Movie review: Stephen King’s “Pet Sematary”

New Remake proves that “Sometimes dead is better”

Kolby Spomer
Staff Writer

Stephen King finds himself in a bit of a Renaissance period right now. Since his dominance in the early 80s to late 90s, he had somewhat faded from the public. He was still well-liked, but nobody was making much of anything based on his works anymore. Then the Duffer Brothers came along and made “Stranger Things”, the Netflix hit inspired strongly by King’s novels. 

Thanks to that series, a new “IT” movie was greenlit, and it did incredibly well, garnering critical acclaim in addition to lucrative financial success. Suddenly, King found himself making money hand over fist as new projects based on his works kept getting produced, like the “IT” sequel and the much anticipated “Shining” sequel “Doctor Sleep”. 

With things looking bright for King lately, it is immensely disappointing that the remake of his cult classic “Pet Sematary” is so disappointing. It is easily the worst film I’ve seen this year and commits the greatest sin a film can, namely being unbearably boring while also being terrible. I would rather watch last year’s “Holmes & Watson”. At least that movie was fun bad, in a “Room” way. This movie is so bad that I almost walked out of the theater. There is nothing to be gained by watching it, and I cannot believe that anyone enjoyed it.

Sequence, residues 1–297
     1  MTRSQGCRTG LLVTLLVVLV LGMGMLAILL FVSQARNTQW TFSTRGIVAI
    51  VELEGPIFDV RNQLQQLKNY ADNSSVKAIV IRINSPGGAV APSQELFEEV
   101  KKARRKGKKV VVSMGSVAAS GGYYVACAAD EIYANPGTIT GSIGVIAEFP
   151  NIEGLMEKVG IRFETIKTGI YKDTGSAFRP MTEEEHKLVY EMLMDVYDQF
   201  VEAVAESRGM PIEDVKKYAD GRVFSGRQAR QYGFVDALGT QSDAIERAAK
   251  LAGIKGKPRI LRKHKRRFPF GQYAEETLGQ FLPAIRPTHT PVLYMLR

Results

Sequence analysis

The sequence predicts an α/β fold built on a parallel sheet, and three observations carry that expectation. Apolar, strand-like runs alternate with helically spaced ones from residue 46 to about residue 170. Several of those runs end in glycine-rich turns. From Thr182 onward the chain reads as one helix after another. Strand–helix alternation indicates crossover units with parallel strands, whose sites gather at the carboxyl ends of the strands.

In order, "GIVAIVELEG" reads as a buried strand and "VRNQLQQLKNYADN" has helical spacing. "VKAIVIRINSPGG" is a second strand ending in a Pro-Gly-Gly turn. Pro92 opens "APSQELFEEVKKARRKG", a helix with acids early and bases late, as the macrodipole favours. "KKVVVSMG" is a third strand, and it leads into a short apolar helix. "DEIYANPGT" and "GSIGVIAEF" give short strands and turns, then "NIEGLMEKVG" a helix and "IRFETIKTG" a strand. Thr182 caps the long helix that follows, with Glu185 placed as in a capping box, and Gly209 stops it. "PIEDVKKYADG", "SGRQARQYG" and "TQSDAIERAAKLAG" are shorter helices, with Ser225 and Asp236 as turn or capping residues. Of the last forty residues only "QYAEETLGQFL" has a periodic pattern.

The biggest problem with the movie is the complete lack of horror. I was at no point scared at all by this film. The jump scares are telegraphed for almost a full minute before they happen, and the atmosphere is so drab that the film ends up being closer to a bad drama than a good horror film. Whoever the head cinematographer was should probably take a step back and look at their work, and then decide to quit and spend time with their family because it is utterly uninspired. 

There were points when I had to squint to make out what was going on. Another huge problem with the film is that nothing happens. If you know the basic premise of “bury things here and they’ll come back, but ooooh watch out because they’ll be spooky,” you already can guess what happens. Now I understand that it’s a remake, but so was “IT” and that managed to have original scenes and scares. This movie is a near shot by shot copy of the original, with one twist that was already spoiled in the trailer. 

Maybe you’re thinking, “Well hey man, I haven’t seen the original so maybe I’ll dig it.” You’d be very wrong. My friend hadn’t seen the original and about 20 minutes in he had already guessed every single plot point down to when they would occur. This is all due in part to the script being absolute trash, with the writers either being too scared or too careless to change anything at all or write anything resembling an original line. 

When a movie is inspired by the works the of Stephen King, it not only creates excitement for hardcore fans of King, but also casual fans and therefore is easier to promote. It is obvious that the film-makers knew this and relied more on King’s name than their own talent.

Feature photo courtesy of the Associated Press.

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